Let’s use an example of a hat knitted in a DK-weight yarn with a gauge of 22 sts to 10cm. With a circumference of 100 sts, it will measure 45.5cm – the perfect finished size for the average adult female (allowing for 6.5cm of negative ease).

### Step 2

If we want to knit a beanie, and have the top of that hat flat as a circle, we’ll be able to calculate the radius of our circle, which in turn helps us calculate the number of rounds over which we will decrease.

45.5cm/6.28 (2 x pi) = 7.25cm crown circle radius

If our row gauge follows a typical fashion of 3:4, our row gauge would be approximately 30 rows/rounds to 10cm, or 3 rows to 1cm, and so we would have to work our decreases over 22 rounds:

7.25 (length of radius in cm) x 3 (number of rows/rounds per cm) = 21.75 rounds

We have 100 sts we wish to decrease, so we would aim to decrease 4.5 sts per round on average. (100/21.75)

### Step 3

Except that as we close the top of the hat, we don’t want to decrease down beyond say 6 or 8 sts, as this creates an unfortunate bump at the very top of the hat. So we would change our decrease ratio slightly:

(100-6)/21.75 = 4.32 sts decreased per round, average

Knitting is forgiving enough to allow us to decrease on average 4 sts per round, and it would usually even out with blocking.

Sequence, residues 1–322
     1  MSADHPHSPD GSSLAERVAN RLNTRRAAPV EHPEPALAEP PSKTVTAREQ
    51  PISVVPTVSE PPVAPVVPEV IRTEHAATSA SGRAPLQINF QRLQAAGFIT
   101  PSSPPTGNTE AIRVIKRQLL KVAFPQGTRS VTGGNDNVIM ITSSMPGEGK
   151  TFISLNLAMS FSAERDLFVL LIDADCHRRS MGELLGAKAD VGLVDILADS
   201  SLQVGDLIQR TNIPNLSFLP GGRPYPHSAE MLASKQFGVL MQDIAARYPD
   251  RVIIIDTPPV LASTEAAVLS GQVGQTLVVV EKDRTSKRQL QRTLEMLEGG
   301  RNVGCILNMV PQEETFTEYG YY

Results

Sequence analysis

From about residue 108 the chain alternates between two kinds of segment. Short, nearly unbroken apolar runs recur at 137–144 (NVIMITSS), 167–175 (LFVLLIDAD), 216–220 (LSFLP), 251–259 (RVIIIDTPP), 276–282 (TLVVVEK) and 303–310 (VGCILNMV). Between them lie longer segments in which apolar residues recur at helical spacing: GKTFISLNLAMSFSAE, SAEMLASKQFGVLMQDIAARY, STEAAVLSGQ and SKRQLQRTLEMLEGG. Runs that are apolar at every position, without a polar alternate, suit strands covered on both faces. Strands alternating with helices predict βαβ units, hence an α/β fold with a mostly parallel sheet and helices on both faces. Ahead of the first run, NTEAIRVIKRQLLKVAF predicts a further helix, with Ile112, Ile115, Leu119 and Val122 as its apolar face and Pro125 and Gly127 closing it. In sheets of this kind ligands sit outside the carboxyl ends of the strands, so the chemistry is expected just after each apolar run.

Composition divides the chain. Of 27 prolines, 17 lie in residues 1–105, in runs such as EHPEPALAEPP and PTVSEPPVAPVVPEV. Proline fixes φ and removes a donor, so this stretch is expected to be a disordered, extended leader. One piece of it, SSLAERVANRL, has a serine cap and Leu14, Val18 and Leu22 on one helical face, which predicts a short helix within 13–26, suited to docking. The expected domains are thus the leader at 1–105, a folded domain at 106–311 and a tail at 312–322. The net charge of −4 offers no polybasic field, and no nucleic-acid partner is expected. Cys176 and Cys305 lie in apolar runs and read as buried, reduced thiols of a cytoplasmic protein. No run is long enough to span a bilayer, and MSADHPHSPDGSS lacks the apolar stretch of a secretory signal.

And don’t forget that 4 sts is an average figure – you could decrease 8 sts every other round, or 12 sts every third round, and so on – it allows for a bit of flexibility when you need to adapt stitch patterns.

## Taking the numbers beyond stocking stitch

What if your row and stitch gauge differ wildly, or your stitch pattern gauge doesn’t match that of your stocking stitch? A good example would be a Fair Isle hat where the row and stitch gauge are almost square, e.g. 22 sts x 24 rows, and the numbers would look a little different. Working again with a cast-on example of 100 sts:

45.5cm/6.28 (2 x pi) = 7.25cm crown circle radius

Our row gauge gives us 2.4 rows per 10cm, so we would need to decrease over 17.4 rounds: